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Q & A - ​2020 Income Tax Changes

Question:  How will the 2020 stimulus payment I received  effect my 2020 income tax return?

Answer:  Under the Coronavirus Aid, Relief, and Economic Security (CARES) Act, most Americans will receive direct economic recovery rebate payments of $1,200 ($2,400 for couples filing jointly), plus $500 more for each child under age 17. The payments will start to phase out for joint filers with adjusted gross incomes above $150,000, head-of-household filers with AGIs above $112,500, and single filers with AGIs above $75,000. 

Technically, the rebate is an advance payment of a special 2020 tax credit. You'll reconcile your rebate on your 2020 return. For most people, the rebate will equal the tax credit allowed. Taxpayers whose credits exceed their rebates can claim the balance on their 2020 returns. We expect you won't have to repay the IRS if the payment you got is more than your credit.
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Question:  How have donations to charitable organizations changed for 2020?

Answer:  To encourage charitable giving in 2020, the CARES Act includes two tax provisions that reward people who donate to charity.

First, a new "above-the-line" deduction of up to $300 is allowed for cash donations to charity in 2020. Donations to donor advised funds and certain organizations that support charities are not deductible. You can't claim this deduction if you itemize deductions on your 2020 tax return (i.e., you must claim the standard deduction).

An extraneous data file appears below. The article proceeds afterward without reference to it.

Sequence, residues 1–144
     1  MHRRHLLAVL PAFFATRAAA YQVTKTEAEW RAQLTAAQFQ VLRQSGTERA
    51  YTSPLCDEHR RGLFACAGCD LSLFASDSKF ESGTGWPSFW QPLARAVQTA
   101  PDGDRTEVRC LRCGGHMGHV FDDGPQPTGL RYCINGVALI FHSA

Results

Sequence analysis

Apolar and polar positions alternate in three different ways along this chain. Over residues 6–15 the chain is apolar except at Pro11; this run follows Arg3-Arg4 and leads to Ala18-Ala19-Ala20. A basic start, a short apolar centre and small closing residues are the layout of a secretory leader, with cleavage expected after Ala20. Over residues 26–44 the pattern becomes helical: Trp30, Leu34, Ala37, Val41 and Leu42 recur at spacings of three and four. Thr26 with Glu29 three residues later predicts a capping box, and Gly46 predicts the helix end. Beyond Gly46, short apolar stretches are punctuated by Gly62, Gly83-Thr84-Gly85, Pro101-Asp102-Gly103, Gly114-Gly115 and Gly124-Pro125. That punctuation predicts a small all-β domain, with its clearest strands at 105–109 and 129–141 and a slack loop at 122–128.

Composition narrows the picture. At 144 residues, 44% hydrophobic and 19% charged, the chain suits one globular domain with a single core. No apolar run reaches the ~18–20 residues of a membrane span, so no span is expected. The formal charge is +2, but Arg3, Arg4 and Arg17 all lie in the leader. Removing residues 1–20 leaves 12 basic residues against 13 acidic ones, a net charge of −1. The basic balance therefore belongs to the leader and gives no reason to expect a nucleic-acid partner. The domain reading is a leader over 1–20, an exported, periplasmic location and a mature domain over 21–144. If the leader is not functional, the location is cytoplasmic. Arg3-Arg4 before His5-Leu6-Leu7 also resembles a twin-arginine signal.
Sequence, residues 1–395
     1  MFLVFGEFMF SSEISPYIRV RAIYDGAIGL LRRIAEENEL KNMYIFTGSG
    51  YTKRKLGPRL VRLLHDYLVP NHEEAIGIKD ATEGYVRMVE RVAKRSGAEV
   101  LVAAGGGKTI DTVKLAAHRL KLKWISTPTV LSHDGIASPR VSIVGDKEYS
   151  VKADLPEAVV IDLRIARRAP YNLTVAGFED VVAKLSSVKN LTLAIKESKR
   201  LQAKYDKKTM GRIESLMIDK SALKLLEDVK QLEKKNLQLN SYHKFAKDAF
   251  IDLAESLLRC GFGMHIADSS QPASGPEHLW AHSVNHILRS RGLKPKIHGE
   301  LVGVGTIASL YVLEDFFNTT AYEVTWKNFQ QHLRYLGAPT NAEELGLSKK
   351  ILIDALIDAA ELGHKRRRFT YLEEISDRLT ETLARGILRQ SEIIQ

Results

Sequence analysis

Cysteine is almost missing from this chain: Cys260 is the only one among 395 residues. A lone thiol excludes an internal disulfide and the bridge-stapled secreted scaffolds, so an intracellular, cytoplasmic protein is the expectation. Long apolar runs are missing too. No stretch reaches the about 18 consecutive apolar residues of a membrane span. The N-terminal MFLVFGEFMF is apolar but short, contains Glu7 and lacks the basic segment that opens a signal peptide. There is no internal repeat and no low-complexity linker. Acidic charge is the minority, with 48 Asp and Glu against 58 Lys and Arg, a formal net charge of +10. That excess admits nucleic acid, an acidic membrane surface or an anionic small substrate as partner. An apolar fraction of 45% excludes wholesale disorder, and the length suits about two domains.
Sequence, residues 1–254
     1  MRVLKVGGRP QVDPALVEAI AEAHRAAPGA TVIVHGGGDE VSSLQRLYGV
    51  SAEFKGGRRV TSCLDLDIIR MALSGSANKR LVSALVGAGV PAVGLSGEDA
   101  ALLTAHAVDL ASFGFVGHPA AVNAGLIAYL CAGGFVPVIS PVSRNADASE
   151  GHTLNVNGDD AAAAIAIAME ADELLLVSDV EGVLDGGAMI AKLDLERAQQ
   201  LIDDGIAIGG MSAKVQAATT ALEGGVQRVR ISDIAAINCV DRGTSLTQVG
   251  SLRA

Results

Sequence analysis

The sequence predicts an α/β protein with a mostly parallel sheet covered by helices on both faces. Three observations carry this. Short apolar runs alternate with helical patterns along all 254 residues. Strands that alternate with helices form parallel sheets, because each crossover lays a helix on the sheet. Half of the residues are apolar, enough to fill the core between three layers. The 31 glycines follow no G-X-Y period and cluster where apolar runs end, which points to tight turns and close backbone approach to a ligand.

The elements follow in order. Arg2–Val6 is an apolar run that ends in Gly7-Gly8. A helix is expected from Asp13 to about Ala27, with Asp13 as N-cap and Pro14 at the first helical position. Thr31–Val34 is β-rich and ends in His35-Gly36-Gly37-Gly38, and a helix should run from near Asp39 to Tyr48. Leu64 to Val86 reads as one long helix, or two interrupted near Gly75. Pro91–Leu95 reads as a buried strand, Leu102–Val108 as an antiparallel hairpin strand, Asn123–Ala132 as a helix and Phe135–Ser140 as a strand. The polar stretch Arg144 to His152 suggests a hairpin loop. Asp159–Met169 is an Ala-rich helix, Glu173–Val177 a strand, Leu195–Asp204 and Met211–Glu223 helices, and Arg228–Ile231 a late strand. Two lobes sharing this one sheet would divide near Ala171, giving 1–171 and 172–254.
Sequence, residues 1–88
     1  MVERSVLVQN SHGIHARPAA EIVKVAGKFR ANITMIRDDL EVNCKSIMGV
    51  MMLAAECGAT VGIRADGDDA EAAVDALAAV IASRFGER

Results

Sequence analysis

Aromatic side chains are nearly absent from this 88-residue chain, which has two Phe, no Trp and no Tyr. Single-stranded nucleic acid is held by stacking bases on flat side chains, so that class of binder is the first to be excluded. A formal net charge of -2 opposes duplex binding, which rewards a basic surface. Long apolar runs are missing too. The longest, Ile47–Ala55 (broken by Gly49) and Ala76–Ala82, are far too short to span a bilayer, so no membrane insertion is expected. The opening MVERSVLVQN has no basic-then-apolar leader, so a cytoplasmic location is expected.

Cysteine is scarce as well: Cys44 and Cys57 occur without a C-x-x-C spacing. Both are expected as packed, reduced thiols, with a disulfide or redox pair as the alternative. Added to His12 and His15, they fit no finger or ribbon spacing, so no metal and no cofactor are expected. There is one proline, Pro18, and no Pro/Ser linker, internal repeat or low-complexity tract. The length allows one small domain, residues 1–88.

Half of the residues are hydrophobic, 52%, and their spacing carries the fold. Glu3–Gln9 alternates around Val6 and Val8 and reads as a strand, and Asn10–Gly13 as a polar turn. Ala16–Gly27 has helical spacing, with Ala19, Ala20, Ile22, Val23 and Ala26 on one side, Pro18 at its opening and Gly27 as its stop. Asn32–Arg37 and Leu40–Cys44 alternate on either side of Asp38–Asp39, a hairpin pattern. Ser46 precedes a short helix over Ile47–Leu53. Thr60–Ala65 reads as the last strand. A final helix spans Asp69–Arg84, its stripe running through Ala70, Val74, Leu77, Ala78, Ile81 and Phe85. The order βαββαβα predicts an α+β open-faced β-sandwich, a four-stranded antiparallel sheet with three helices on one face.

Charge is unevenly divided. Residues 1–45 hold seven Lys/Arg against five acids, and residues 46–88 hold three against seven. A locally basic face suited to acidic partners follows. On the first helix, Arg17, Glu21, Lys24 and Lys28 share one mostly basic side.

For taxpayers who do itemized on their 2020 return, the 60% of adjusted gross income limit that normally applies to cash contributions is waived. That means you can deduct more of your charitable cash contributions this year. As with the new above-the-line deduction, donations to donor advised funds and supporting organizations don't count.
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Question: What happens to my IRAs, 401(k) plans and other retirement accounts?

Answer:  Taxes are generally deferred when you save money in IRAs, 401(k) plans and other retirement accounts. However, once you turn age 72 (70½ before 2020), you have to start withdrawing money out of those accounts whether you need it or not. And that's when the IRS claims its cut. These withdrawals are called required minimum distributions (RMDs), and failure to take an RMD triggers a stiff penalty equal to 50% of the amount you should have withdrawn. 
First-time RMDs are due April 1, while others are due by the end of the year.

Many seniors were worried about having to take RMDs when the stock market is in the dumps. Since there probably won't be enough time for the market to recover before their RMDs would be due, a lot of retirees would be forced to sell their investments for a loss or at a low price to avoid the hefty RMD penalty.

To avoid this result, the CARES Act suspends RMDs for 2020. This applies to both first-time RMDs due April 1 and to other RMDs that aren't due until December 31.  This is a hidden benefit of the Coronavirus Stimulus Bill: You Can Wait to Take Your RMD.
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Question: Does the CARES Act include provisions that make it easier to get money out of my retirement account?

Answer:  YES!  (up to $100,000) if you're infected by the virus, have family members who catch it, or experience adverse financial consequences because of it. First, the 10% penalty for withdrawals by people age 59½ or younger is waived if you're affected by the virus. Taxes on withdrawals by people affected by the coronavirus will also be spread out over three years. You can also recontribute the money to an eligible retirement plan within three years, without regard to that year's cap on contributions, and have it treated as a tax-free rollover.

In addition, the amount a person affected by the coronavirus can borrow from a 401(k) plan is doubled from $50,000 to $100,000, and repayment requirements are relaxed.
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